Researchers discover photons trapping each other

Friday 3 April 2020

A photon can trap another photon within a material, researchers have discovered.

ANU honours student Janet Zhong made the surprise discovery that a photon can be localised within a second photon while she was modelling a very simple collection of atoms.

The phenomenon is an example of hybrid particles made from light and matter, known as polaritons, and could lead to future way to store and transmit information, Zhong said.

“Quantum optics effect like this are important for quantum computing; if we can find better ways to control light-matter interactions it will bring lasting benefits for the field,” said Zhong, a student in the RSPhys Nonlinear Physics Centre led by Professor Yuri Kivshar.

Zhong’s discovery differs from other instances of localisation, which are quite rare, and caused by disorder or effects at the edge of a large piece of material. In contrast, the newly-found localised photons are widespread and occur in the simplest systems.

“These localisations are way deeper than we initially expected, way more fundamental than we realised,” Zhong said.

“It’s cool that you can get such a rich variety from a simple quantum optics system.”

The discovery came early in Zhong’s honours research, while she was searching for a different phenomenon - topological states, strange effects near the edge of materials.

“They’re really hard to find, so I plotted every state and searched for them manually – a pretty crude method,” said Zhong.

“I noticed that about half the states were these really strange states where the photon trapped in the middle, which is very unexpected and very weird – no one had discovered this before. Localised states are not supposed to happen in the middle of the array!”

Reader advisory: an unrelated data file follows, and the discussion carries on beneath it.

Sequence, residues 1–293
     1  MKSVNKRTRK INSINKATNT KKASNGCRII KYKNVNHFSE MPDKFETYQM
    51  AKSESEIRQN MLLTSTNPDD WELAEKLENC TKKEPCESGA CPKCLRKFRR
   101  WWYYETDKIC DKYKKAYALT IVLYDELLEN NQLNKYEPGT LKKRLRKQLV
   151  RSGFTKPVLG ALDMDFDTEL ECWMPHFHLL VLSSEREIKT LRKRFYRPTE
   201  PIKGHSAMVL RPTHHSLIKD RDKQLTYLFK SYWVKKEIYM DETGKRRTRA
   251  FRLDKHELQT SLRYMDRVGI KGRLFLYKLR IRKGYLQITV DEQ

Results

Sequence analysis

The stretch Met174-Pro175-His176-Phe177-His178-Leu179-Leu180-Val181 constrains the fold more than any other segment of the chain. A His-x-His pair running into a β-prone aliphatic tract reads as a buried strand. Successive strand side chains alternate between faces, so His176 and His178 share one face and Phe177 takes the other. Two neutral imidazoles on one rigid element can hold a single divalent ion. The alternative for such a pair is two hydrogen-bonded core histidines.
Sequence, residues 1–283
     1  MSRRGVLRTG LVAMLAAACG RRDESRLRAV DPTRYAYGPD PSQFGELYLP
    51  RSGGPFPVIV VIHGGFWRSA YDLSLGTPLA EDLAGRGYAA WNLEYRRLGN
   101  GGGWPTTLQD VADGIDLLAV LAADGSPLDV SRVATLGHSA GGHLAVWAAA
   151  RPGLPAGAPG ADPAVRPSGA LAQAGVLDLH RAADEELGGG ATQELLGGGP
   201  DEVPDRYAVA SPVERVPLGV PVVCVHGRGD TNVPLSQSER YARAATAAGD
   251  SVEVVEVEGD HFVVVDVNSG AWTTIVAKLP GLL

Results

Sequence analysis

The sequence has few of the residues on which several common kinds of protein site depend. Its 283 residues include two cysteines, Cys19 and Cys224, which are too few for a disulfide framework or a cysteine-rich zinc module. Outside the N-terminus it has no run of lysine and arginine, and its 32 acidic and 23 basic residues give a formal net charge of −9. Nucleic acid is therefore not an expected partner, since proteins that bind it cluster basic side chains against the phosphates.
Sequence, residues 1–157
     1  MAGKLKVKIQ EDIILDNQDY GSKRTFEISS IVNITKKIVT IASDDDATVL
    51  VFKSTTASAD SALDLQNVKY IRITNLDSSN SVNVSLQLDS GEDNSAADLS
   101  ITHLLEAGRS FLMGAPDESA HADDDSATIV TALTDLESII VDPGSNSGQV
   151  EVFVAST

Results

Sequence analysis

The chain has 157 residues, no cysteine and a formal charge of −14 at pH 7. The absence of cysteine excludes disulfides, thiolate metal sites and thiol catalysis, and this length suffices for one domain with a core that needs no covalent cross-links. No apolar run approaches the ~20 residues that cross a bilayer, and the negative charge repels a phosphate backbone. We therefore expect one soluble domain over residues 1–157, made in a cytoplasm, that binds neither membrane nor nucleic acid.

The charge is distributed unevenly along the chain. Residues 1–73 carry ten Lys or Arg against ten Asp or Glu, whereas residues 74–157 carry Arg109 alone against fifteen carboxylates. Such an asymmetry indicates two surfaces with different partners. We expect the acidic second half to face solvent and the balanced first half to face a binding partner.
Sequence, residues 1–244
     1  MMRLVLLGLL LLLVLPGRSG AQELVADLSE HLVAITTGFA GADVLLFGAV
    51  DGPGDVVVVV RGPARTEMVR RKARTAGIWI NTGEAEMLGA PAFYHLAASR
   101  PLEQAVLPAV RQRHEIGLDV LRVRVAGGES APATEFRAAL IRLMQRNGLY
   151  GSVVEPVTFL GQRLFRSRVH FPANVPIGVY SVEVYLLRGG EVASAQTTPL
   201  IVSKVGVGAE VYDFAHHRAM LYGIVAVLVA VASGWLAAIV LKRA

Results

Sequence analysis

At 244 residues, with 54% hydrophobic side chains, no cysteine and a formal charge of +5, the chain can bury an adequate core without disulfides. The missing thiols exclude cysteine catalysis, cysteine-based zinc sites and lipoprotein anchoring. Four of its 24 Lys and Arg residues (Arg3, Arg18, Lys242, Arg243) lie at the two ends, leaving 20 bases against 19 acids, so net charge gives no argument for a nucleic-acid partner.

Although Zhong was sure she’d made a mistake in her code, her supervisor Alexander Poddubny, working with Alexander Poshakinskiy, found an analytical explanation for the initial numerical results, and realised she had stumbled across an important phenomenon.

“I really do think this is a very interesting, general and fundamental result - one of the most beautiful I ever had,” wrote Poddubny in an email to Zhong.

Once Yongguan Ke, a visiting researcher from Sun Yat-Sen University in China, had thoroughly checked the numerics and helped provide important interpretations, the team published their results in Physical Review Letters . Their paper describes how each particle is modelled as a simple two-level quantum system, with spacing much smaller than the wavelength of the light.

Using two-excitation Hilbert space they modelled how the two photons interact with the array of atoms and form polaritons. This model revealed that the two polaritons have very different masses and scales, which is why one can get trapped inside the other.

“One can think of one polariton in a standing wave as creating a cosine potential. This cosine potential is kind of like an optical lattice that traps stuff in its nodes.” Zhong said.

The model showed that the photon localisation occurs in one-dimensional arrays of as few as 15 particles. That the effect is commonplace in such simple systems makes the fact they’ve never been noticed before even more surprising, Zhong said.

“They actually happen everywhere, it’s quite hard to get rid of this effect!”

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